Leader to un­veil cli­mate change pol­icy, cam­paign plat­form at NDP con­ven­tion

Regina Leader-Post - - CITY + REGION - ALEX MACPHER­SON amacpher­son@post­media.com twit­ter.com/macpher­sona

SASKA­TOON A steady driz­zle fell from the slate-grey sky as the first Saskatchewan NDP mem­bers ar­rived at the party’s an­nual con­ven­tion, which is be­ing framed as a chance to pro­ject unity and ex­cite­ment ahead of the next elec­tion cam­paign.

Party of­fi­cials ex­pect about 400 peo­ple to show up at Saska­toon’s TCU Place for the three-day event, but only a few dozen had trick­led through the doors by the time the first panel talks got un­der­way Fri­day af­ter­noon.

Ryan Meili, who was elected to lead the party in March, is sched­uled to ad­dress the con­ven­tion Satur­day morn­ing — a speech he is ex­pected to use as an op­por­tu­nity to out­line some of his early cam­paign plat­form planks.

While the NDP has yet to re­lease a plat­form, it is un­der­stood that it will in­clude a $15-per-hour min­i­mum wage as well as a new re­new­able en­ergy and cli­mate change strat­egy that in­sid­ers be­gan hint­ing at ear­lier this week.

Speak­ing with re­porters, Meili re­fused to di­vulge spe­cific de­tails of the “made-in-saskatchewan plan” ex­cept to say it will be “more com­pre­hen­sive” than Saskpower’s cur­rent goal of dou­bling the province’s re­liance on re­new­ables by 2030.

“That’s, of course, only part of the over­all scheme: You do need to look at how we re­duce emis­sions among the high-emit­ting, emis­sions-in­ten­sive in­dus­tries within the province, as well as through­out the econ­omy.”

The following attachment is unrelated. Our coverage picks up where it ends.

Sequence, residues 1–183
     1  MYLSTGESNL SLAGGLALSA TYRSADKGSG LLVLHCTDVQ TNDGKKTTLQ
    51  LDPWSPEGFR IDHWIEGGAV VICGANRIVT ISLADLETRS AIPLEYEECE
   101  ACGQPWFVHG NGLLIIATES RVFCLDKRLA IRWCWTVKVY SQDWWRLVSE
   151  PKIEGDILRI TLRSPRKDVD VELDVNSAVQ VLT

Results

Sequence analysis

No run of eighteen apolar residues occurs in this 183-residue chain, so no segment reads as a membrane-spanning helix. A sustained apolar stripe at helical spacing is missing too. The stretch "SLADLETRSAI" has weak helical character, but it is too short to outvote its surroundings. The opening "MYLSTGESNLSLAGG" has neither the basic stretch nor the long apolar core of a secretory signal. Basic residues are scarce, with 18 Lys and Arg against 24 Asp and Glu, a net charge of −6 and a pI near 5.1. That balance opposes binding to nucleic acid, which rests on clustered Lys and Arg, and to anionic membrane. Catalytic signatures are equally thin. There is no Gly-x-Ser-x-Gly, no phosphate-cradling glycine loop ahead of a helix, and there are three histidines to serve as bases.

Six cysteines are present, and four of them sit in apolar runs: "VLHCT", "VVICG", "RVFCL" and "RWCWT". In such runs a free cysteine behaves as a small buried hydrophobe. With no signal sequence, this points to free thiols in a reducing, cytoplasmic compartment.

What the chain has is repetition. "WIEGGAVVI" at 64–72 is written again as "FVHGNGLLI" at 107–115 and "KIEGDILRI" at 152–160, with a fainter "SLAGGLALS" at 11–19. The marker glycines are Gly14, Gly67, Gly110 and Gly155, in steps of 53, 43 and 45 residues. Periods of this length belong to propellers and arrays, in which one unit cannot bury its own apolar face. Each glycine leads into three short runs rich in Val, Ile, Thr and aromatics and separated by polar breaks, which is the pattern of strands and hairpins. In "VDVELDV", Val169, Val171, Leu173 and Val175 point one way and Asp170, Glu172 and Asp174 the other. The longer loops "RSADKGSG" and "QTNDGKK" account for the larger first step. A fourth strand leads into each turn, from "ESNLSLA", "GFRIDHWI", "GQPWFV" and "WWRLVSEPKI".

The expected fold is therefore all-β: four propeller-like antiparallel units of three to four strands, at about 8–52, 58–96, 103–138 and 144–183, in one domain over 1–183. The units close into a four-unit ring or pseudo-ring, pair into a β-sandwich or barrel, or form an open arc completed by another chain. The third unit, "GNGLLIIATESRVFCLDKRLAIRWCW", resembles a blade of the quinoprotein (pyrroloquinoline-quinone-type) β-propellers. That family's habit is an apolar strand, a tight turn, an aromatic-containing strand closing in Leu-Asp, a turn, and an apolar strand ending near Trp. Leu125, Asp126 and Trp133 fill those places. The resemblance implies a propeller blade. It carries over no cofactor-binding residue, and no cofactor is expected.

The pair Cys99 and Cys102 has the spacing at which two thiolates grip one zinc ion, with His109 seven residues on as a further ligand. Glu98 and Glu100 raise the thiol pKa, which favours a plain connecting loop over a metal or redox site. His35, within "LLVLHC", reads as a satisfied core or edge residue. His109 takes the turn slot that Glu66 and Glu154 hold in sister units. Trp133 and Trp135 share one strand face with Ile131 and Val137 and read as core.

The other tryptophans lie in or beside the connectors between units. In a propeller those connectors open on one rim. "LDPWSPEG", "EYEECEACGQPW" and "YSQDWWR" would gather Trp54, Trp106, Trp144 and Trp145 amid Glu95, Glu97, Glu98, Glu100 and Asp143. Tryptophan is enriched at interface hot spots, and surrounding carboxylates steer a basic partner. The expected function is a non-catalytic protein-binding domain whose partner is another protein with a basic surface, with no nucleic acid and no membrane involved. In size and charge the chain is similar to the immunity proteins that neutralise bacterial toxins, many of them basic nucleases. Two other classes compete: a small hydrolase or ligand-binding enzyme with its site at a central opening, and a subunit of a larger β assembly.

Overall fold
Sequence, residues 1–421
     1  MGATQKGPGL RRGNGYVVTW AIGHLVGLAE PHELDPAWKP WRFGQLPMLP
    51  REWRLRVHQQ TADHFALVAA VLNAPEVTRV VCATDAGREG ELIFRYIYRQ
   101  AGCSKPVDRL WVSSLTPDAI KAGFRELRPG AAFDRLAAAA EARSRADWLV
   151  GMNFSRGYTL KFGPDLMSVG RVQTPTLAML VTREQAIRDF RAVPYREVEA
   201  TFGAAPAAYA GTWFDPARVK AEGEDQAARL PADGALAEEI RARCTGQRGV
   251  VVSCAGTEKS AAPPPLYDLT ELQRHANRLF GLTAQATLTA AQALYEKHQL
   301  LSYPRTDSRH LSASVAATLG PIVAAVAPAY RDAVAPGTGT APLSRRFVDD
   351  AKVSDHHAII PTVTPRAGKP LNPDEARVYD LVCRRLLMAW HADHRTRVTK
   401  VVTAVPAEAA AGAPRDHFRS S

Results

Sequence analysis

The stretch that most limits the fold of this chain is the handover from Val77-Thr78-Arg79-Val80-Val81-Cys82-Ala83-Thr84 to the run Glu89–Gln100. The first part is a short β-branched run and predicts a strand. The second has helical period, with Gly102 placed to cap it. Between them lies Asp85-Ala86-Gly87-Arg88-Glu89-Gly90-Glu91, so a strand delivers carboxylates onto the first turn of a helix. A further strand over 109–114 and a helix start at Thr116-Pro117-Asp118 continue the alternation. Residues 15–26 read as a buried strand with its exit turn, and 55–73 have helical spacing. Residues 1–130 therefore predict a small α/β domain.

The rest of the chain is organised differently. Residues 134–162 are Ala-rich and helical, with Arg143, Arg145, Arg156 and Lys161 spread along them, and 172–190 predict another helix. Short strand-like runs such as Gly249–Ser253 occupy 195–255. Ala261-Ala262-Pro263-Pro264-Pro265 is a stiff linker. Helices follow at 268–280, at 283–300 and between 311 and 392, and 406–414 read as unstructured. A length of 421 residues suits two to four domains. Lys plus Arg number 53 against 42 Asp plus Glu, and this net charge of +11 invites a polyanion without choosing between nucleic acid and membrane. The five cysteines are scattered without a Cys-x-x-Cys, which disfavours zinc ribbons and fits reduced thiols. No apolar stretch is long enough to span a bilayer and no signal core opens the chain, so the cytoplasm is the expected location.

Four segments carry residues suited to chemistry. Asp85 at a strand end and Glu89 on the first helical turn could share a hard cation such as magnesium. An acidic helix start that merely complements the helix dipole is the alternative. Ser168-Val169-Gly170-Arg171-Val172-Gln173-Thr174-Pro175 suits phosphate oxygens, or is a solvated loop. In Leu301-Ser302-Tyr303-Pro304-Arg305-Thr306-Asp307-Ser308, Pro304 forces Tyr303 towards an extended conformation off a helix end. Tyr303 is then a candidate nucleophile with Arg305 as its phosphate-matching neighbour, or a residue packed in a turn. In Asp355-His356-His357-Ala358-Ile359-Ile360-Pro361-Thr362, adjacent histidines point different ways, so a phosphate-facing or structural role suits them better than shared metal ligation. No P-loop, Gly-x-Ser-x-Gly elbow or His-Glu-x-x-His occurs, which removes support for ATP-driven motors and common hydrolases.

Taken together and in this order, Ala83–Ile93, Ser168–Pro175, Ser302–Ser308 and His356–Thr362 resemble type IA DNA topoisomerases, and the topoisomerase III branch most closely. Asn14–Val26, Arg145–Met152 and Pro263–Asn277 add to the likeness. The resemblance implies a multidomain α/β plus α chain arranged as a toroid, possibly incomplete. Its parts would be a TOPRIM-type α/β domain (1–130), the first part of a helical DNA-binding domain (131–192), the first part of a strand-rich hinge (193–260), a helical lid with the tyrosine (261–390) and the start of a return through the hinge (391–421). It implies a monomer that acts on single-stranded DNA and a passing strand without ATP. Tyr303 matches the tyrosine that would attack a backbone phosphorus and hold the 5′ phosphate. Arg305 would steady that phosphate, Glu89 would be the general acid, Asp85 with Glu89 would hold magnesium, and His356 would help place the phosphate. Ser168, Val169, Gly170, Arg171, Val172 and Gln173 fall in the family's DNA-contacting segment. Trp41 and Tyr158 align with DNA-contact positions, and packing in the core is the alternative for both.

As Meili and other guests — in­clud­ing Al­berta En­vi­ron­ment Min­is­ter Shan­non Phillips and Cana­dian Fed­er­a­tion of Nurses Unions pres­i­dent Linda Si­las — de­liver speeches, party mem­bers will de­bate and vote on a grab bag of res­o­lu­tions.

Many are pre­dictable, in­clud­ing calls for a ju­di­cial in­quiry into the Global Trans­porta­tion Hub scan­dal, the abol­ish­ment of pay­day lenders, the re­ver­sal of Saskatchewan Party cuts to ed­u­ca­tion and the re-cre­ation of the Saskatchewan Trans­porta­tion Co.

A few ap­pear to un­der­score the party’s po­lit­i­cal re­al­ity, in­clud­ing a re­quest to rec­og­nize the agri­cul­ture and ru­ral life com­mit­tee as a for­mal wing of the party with the aim of win­ning ru­ral seats in 2020.

An­other sug­gests the party is in “limbo” and not “cre­at­ing di­rec­tion for its mem­bers and the gen­eral pub­lic,” and calls for the party brass to flesh out and pub­li­cize its poli­cies on a range of is­sues, such as ed­u­ca­tion, health care and the econ­omy.

One sim­ply calls for con­ci­sion: “Be it re­solved that res­o­lu­tions be writ­ten with­out pre­am­ble (‘whereas’) state­ments.”

The party is also set to elect a new pres­i­dent this week­end.

David Mc­grane, the Univer­sity of Saskatchewan pro­fes­sor who has held the post since late 2016, is not seek­ing re-elec­tion. In­stead, he is ex­pected to seek a nom­i­na­tion in an un­spec­i­fied Saska­toon con­stituency.

It was not clear Fri­day who will to re­place Mc­grane. Nom­i­na­tions for the job, which in­cludes re­spon­si­bil­ity for in­ter­nal gov­er­nance and the provin­cial coun­cil, close Satur­day af­ter­noon.

LIAM RICHARDS

Doyle Ver­mette, left, NDP for the north­ern rid­ing of Cum­ber­land, checks in at the 2018 Saskatchewan NDP Con­ven­tion at TCU Place on Fri­day.

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